Women are the Future of Sustainable Innovation

Photo shows Jennifer Stojkovic, founder of Vegan Women's Summit (left), Tasneem Karodia, founder of MZansi Meat (center), Samantha Edwards, founder of New Breed Meats (right). Women founder are the future of innovation.

Dishwashers, filtered coffee, car heaters, fire escapes, home security, windshield wipers; all of these things make our lives easier, more comfortable, safer. And all of them were invented by women. While the history books may be dominated by men and their creations, women have also consistently innovated to help propel society forward. Today is no exception. As the climate crisis looms, women are leading the way to a more sustainable future.

It’s not always been easy. Turning innovation into a profitable business is already hard, but for women there are even more obstacles. It’s no secret that the business world suffers from gender bias. Just two years ago, women-led startups received only 2.3 percent of all venture capital funding. Of the world’s 500 biggest companies, 13 are run by women. But things are changing. From beauty to fashion to food, women are consistently carving new paths. They’re mission-driven, and they’re showing the world that we can make huge positive changes for people and the planet through innovation.

Photo shows Jessica Blackler, the founder of women-led Jecca Blac, applying makeup to another person.
Jessica Blackler, pictured, founded Jecca Blac to better represent trans and non-binary people in the beauty space. | Jecca Blac

Women founders lead the indie beauty industry

The beauty space is a powerful example of how women are changing the status quo. While the big corporations are still largely run by men (although L’Oréal Paris got its first woman president in 2019), the indie sector is dominated by women. In the UK, a 2020 report found that in the indie beauty industry, more than 76 percent of businesses are led by women entrepreneurs. But they’re not just leading. They’re steering beauty towards a better future. Increasingly, the products we see from indie brands reject the gender binary framework of the past. They’re also far more sustainable and diverse than the big giants. 

Take Jecca Blac, for example. Makeup artist Jessica Blackler founded the UK-based vegan cosmetics brand after spotting the lack of representation of trans and non-binary people in the beauty space. “Jessica quickly built up a client base of predominantly trans women and transfeminine people, and during these lessons she realized the oversight of the beauty world in not creating user friendly products which truly recognise the needs of all makeup wearers,” explained Jecca Blac marketing manager Maxine Heron. “This included transfeminine makeup wearers first learning about makeup. She decided to launch Jecca Blac as a makeup retailer.”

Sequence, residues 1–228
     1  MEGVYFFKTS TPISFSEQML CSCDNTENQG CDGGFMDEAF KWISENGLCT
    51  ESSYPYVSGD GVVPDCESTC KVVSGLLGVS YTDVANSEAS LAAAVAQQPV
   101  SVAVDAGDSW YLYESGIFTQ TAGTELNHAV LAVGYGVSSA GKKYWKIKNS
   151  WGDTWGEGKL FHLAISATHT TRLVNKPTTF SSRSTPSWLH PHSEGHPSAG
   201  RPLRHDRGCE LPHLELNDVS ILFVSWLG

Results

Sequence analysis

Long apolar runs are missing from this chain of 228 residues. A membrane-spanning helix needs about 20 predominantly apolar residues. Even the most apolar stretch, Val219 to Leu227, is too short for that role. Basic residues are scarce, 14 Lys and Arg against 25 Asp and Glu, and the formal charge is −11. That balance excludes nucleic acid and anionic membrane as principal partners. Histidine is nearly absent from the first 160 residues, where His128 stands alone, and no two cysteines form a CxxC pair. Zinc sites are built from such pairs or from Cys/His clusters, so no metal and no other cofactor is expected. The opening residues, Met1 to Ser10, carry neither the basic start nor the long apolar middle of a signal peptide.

Across the pond, women founders are also paving the way towards a better beauty industry. Jazmin Alvarez was frustrated with the lack of regulation around the term “clean.” She felt it needed to go beyond the elimination of toxic ingredients, and encompass sustainability and ethics too. So she created her own curated beauty platform Pretty Well Beauty, which is now home to more than 50 brands that meet her standards of what a clean beauty brand should look like.

An Afro-Latina, Alvarez is also keen to combat beauty’s lack of racial inclusion. And she’s not alone in her mission: Pholk Beauty and Kulfi Beauty are two examples of indie brands founded by women of color, who are working to create a fairer, more diverse, more sustainable, and more ethical industry. (You can read more about them here and here.)

Plastic-free brand Common Heir is yet another example of how women of color are changing the beauty industry. Founded by Asian American Cary Lin and Latinx American Angela Ubias, Common Heir offers luxury vitamin C capsules that biodegrade in hot water after use. It’s a vital innovation, considering the beauty industry as a whole is responsible for producing 120 billion units of packaging every year. “Historically, women of color have not helmed luxury brands,” says Ubias. “We want to upend people’s expectations about inclusion and sustainability in luxury.”

Photo shows someone with a handful of purple dye powder made from sustainably farmed algae.
Algaeing creates biodegradable fabric and dye by farming algae, a renewable resource. | Algaeing

Women are changing the clothes we wear, too

Beauty and fashion go hand in hand. And like the former, the latter is changing thanks to women, too. But again, there’s a glass ceiling to smash. Like beauty, the big fashion companies are predominantly led by men. According to the Business of Fashion, less than 50 percent of well-known womenswear brands are actually designed by women. 

The biggest problem fashion faces today is its environmental impact. It is responsible for up to 10 percent of global greenhouse gas emissions, and contributes regularly to a growing mountain of textile waste. (Every second, one garbage truck of textiles is dumped in the landfill or incinerated.) But again, just like beauty, many of the smaller brands innovating to improve the situation are run or founded by women. 

Algaeing is one example. Led by CEO Renana Krebs, the startup creates biodegradable fabric and dye using algae, a renewable resource that when farmed, actually pulls carbon dioxide out of the atmosphere. In New York, luxury brand Sylven, founded by Casey Dworkin, is making shoes out of bio-based apple leather, which utilizes organic apple pulp waste from Tyrol, a town in the Italian alps. 

And also in New York, Stephanie Benedetto has founded Queen of Raw, a platform that buys leftover textile waste from the fashion industry and sells it onto design students and small brands. Benedetto founded the brand after spotting a gaping hole in the market. “There’s a percentage of waste material that is actually fine for reuse,” she says. “That’s as well as the material that was ordered and never used, or excess sample yardage. But historically there has been no avenue to resell it.”